Jon Pepper Books / Discussion Guide No. 3: Shareholders v. Stakeholders
Walker Hope is unabashedly focused on shareholder returns while Robbie Crowe stresses the importance of other “stakeholders.” Until recently, America’s largest corporations were blunt in saying their chief obligation was to serve shareholders. That has changed recently with organizations such as the Business Roundtable, composed of chief executives in America’s largest corporations. It issued a statement in 2019 signed by 181 CEOS saying “the Purpose of a Corporation… (is to) benefit of all stakeholders – customers, employees, suppliers, communities and shareholders.”
The question is: what should be the primary focus of top executives?
- Take care of shareholders and everything else will fall into place
- A focus on shareholders requires good management of customers, employees, suppliers, and communities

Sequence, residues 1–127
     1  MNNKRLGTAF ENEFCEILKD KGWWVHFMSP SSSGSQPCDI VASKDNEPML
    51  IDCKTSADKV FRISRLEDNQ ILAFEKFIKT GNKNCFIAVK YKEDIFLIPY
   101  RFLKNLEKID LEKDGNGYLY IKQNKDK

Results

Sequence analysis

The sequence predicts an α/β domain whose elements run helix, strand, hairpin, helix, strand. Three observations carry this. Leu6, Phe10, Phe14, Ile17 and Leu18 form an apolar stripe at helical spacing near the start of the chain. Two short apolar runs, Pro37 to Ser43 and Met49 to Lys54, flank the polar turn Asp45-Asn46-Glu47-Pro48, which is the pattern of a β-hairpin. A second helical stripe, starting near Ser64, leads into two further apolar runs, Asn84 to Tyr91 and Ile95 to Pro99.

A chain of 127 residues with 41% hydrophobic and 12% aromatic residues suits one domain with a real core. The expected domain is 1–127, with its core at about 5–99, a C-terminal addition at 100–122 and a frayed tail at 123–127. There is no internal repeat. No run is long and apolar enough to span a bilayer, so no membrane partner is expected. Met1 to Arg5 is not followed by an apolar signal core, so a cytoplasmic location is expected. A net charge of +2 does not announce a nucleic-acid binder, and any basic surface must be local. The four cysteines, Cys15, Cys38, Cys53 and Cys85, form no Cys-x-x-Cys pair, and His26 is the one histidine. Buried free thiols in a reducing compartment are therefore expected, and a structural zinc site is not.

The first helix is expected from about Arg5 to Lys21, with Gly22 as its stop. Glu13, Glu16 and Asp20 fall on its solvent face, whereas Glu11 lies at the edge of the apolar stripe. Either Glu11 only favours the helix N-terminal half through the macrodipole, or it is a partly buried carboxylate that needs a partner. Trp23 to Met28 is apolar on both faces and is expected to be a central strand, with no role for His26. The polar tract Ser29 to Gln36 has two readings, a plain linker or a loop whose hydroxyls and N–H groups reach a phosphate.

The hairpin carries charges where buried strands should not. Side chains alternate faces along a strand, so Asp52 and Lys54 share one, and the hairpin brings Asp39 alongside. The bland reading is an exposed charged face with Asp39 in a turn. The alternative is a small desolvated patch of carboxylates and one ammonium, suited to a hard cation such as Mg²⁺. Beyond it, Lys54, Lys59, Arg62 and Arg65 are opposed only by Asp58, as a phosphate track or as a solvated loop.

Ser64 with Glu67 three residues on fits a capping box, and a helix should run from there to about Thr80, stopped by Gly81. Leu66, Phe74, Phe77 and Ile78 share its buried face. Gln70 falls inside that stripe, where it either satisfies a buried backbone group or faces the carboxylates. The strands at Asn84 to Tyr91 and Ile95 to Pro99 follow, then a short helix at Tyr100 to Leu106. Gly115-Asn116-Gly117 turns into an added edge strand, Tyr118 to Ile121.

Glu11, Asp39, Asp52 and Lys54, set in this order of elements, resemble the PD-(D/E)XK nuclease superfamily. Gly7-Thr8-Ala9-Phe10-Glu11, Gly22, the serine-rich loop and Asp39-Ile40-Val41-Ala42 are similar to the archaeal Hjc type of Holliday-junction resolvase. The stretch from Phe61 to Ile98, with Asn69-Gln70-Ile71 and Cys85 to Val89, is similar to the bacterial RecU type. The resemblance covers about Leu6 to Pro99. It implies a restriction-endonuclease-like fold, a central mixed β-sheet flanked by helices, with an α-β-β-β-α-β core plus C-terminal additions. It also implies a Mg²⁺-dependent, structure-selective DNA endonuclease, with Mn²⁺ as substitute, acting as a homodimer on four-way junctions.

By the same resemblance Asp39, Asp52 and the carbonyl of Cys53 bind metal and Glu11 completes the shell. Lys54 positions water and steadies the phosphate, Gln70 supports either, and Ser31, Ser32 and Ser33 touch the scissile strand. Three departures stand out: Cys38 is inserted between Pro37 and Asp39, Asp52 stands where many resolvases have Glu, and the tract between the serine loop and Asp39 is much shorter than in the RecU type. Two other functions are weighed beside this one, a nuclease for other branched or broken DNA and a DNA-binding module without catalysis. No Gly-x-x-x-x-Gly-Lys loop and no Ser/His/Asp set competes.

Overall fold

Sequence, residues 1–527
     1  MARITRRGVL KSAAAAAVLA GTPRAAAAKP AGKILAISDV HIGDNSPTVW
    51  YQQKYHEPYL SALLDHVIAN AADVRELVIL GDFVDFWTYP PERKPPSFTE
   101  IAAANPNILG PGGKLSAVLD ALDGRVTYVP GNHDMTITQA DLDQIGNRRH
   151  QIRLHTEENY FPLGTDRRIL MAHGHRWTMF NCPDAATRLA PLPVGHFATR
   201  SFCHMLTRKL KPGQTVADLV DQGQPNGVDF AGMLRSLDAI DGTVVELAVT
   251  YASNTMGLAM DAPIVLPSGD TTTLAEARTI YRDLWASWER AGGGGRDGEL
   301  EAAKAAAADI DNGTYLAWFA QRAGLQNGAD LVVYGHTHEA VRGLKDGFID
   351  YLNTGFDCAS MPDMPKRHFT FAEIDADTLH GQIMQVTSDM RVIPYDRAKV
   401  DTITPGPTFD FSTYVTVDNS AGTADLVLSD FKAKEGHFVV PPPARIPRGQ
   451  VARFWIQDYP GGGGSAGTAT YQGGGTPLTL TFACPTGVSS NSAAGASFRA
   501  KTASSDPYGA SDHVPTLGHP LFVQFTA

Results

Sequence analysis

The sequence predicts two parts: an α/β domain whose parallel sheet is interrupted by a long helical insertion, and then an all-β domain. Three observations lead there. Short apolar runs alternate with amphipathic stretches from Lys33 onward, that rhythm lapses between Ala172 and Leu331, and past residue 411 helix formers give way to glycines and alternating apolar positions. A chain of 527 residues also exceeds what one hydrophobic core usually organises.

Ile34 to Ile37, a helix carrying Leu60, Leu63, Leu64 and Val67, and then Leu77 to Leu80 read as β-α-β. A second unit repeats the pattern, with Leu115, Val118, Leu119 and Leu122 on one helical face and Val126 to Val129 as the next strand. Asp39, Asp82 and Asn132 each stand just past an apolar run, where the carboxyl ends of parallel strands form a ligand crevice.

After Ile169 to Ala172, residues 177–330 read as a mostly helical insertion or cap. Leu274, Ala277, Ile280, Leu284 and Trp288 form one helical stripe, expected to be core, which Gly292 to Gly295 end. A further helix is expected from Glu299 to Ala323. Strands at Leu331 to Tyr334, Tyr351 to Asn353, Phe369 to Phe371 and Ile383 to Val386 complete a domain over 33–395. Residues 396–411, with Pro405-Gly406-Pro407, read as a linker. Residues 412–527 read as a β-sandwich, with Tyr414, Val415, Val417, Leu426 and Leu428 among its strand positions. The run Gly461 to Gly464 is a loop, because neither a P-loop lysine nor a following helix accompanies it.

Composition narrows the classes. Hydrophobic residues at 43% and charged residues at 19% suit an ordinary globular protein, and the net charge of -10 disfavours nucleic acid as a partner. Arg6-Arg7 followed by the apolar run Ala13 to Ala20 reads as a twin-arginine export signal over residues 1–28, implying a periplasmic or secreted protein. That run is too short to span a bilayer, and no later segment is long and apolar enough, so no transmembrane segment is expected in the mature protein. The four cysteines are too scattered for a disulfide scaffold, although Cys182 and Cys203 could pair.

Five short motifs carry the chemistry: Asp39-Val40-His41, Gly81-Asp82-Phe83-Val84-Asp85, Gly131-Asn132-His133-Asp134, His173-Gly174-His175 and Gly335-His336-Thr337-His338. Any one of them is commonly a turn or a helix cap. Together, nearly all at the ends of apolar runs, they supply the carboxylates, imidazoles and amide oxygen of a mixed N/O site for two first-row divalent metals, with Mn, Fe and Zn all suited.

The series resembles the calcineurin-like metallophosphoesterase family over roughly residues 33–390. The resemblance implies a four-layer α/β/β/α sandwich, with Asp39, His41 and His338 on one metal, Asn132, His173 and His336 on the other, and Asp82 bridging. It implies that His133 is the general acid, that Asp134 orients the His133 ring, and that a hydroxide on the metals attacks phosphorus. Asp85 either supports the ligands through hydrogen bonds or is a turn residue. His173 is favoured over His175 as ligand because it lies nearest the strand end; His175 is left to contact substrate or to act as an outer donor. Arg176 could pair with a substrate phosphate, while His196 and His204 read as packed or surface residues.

- The recent emphasis on “stakeholders” is little more than a PR positioning that reframes what good companies do anyway
- Companies have a moral obligation to first serve the owners who have entrusted their money with them with the intention of creating value
- Despite the recent focus on ESG, nobody can agree on criteria to measure company performance on stakeholder issues
- These issues are not mutually exclusive. Take care of stakeholders and the shareholders will ultimately benefit.
- The relentless focus on shareholders to exclusion of all else leads to corporate greed, cutting corners and shortchanging people who interface with the business
- Businesses have a moral obligation to create a fairer and more just society
- Doing well by doing good has got to be more than discrete corporate marketing campaigns. Corporate citizenship needs to be integrated into a company’s business plan.
- How would you rank a company’s stakeholders in terms of importance? What are the variables that should be considered in terms of prioritization?
- Where would your priorities lie as a top executive?